Turkey is open for tourists: Everything you need to know

Jul 3, 2020

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As the travel industry reopens following COVID-19 shutdowns, TPG suggests that you talk to your doctor, follow health officials’ guidance and research local travel restrictions before booking that next trip. We will be here to help you prepare, whether it is next month or next year.

After a few months of closed borders, tourism in Turkey is open again for business. Here’s everything you should know about safely getting there and back.

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In This Post

Related: Europe is out, but these countries are welcoming US travelers

What to expect

Cautions and precautions

As of June 11, Turkey’s international borders are open for travelers from a number of countries, including the U.S. However, travelers should note a couple of precautions unrelated to COVID-19:

  • The U.S. State Department’s travel advisory guide lists Turkey at Level 2: Exercise Increased Caution, due to concerns over terrorism and arbitrary detention. Travelers are strongly advised to avoid the areas bordering Iraq and Syria due to terrorist activity. (The official U.S. stance on worldwide travel is still Level 4: Do Not Travel — the highest tier of caution — due to COVID-19 concerns.)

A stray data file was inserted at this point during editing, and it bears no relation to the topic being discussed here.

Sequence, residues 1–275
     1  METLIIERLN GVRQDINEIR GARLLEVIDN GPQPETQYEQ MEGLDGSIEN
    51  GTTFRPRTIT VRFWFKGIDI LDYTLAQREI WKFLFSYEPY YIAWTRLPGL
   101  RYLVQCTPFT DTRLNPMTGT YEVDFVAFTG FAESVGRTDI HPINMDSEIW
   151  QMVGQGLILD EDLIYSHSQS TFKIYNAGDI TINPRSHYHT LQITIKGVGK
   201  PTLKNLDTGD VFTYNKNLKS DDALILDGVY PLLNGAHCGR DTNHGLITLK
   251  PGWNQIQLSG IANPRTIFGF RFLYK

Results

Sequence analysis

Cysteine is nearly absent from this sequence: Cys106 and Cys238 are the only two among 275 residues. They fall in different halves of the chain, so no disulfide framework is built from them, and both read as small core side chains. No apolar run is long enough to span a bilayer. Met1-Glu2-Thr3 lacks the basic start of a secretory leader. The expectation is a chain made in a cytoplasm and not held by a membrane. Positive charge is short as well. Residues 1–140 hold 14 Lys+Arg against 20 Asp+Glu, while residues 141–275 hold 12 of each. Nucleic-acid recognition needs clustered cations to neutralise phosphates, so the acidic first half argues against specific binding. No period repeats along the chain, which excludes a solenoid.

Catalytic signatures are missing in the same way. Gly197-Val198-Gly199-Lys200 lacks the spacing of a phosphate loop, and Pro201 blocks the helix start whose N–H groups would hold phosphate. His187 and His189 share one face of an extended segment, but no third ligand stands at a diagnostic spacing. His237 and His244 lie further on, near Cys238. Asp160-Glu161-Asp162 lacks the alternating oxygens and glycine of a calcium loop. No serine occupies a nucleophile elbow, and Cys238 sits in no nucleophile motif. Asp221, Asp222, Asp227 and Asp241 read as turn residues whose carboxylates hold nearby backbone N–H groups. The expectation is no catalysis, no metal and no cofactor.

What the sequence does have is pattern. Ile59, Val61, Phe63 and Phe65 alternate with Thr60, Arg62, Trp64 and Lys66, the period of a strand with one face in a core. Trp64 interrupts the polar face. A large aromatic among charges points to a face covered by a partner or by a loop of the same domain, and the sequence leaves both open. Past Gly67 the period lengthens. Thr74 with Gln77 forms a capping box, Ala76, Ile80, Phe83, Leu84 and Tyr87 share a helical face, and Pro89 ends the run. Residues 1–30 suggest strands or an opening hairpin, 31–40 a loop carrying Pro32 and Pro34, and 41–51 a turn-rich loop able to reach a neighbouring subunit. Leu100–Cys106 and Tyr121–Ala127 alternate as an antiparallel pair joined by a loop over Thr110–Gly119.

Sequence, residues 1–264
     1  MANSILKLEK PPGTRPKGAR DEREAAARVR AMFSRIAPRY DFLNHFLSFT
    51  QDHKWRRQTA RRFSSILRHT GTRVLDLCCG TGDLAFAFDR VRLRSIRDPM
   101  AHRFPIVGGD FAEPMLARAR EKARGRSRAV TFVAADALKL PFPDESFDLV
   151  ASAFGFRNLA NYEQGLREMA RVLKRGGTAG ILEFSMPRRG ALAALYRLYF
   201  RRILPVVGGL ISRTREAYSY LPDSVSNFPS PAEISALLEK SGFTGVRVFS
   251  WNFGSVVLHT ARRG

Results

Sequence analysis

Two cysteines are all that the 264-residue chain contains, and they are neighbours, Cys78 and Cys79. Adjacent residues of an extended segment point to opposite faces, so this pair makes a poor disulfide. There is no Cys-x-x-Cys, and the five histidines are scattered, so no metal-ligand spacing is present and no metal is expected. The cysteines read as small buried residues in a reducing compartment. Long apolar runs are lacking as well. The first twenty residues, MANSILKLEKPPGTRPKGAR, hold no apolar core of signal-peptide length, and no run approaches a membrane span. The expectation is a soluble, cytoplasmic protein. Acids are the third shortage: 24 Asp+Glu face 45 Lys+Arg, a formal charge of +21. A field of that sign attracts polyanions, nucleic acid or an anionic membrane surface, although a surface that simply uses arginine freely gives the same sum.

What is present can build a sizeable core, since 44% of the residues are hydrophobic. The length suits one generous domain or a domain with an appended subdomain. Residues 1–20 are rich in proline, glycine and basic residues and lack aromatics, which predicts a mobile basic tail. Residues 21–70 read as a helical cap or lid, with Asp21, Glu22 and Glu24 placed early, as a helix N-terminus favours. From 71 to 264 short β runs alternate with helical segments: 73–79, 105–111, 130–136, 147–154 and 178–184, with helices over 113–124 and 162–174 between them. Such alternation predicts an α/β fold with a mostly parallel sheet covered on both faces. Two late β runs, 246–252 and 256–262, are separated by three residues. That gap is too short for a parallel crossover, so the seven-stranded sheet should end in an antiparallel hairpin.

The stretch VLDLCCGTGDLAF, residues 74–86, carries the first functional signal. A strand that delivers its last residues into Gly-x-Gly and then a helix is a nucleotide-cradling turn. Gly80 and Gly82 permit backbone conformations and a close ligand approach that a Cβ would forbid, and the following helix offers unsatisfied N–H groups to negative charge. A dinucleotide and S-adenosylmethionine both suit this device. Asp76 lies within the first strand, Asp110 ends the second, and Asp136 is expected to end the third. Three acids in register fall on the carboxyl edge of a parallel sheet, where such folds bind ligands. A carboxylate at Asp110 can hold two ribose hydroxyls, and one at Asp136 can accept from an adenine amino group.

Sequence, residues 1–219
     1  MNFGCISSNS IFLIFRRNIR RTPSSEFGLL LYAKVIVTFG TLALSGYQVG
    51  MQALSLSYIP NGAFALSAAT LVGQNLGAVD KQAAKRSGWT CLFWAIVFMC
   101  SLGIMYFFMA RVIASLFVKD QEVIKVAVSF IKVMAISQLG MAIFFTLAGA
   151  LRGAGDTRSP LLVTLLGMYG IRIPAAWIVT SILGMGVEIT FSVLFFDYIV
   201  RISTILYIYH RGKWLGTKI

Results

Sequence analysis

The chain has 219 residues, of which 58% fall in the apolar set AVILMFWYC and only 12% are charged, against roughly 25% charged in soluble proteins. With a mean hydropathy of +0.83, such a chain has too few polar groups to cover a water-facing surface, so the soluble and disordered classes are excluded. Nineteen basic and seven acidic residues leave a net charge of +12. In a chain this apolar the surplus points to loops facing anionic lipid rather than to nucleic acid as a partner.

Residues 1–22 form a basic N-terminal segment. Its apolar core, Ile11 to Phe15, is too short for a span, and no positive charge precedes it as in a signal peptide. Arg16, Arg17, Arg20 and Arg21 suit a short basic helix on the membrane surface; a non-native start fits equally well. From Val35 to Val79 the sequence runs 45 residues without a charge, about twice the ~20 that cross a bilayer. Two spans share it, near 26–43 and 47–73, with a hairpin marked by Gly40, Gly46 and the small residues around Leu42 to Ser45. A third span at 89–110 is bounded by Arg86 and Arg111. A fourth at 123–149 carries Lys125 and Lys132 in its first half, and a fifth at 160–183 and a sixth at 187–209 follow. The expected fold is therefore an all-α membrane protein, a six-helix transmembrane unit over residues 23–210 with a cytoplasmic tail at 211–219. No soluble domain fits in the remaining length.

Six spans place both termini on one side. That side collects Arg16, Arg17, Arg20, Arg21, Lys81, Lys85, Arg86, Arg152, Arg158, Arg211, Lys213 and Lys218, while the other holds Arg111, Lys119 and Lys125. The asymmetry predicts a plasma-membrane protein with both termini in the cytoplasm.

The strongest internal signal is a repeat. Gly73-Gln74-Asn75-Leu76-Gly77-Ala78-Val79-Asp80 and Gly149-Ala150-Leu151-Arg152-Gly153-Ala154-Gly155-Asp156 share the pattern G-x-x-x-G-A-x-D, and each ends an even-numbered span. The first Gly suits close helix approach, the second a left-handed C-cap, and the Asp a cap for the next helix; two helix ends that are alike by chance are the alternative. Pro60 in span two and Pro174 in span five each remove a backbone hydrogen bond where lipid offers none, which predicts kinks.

• U.S. travelers will still need to apply for a visa before entering Turkey. You can do so via e-visa application, which takes about three minutes.

Related: These are the US State Department travel advisories for July 2020

  • Additional cautions for Turkey travelers include:
    • Stay alert in locations frequented by Westerners.
    • Avoid demonstrations and crowds.
    • Stay at hotels with identifiable security measures.
    • Monitor local media and adjust your plans based on new information.

The official crime and safety report for Turkey can be found here, and the State Department’s travelers’ checklist here.

We should also note that Turkey has reported more than 200,000 coronavirus cases with Istanbul especially hard-hit.

Travel

All travelers must wear masks in the airport and onboard flights inbound for Turkey, according to the Directorate General of Civil Aviation. Travelers who show signs of COVID-19 including but not limited to fever, runny nose, cough or respiratory distress will not be allowed to board flights or enter the country. Upon arrival, travelers will be asked to fill out a passenger information form and undergo medical screenings for infection, and anyone showing symptoms upon arrival will be tested for coronavirus. Anyone who tests positive will be referred to a Turkish hospital for quarantine and treatment.

However, the Turkish embassy’s website states that tourist travelers do not need to provide specific health documentation to enter or exit Turkey unless they are arriving for medical treatment.

Curfew

Anyone over the age of 65 must observe curfew from 8 p.m. to 10 a.m. every night.

Masks

Masks are mandatory in all public areas in a number of provinces, and required in crowded public areas such as shopping malls or supermarkets everywhere else. To be safe, bring at least one per traveler, and be prepared to wear it at all times.

Transportation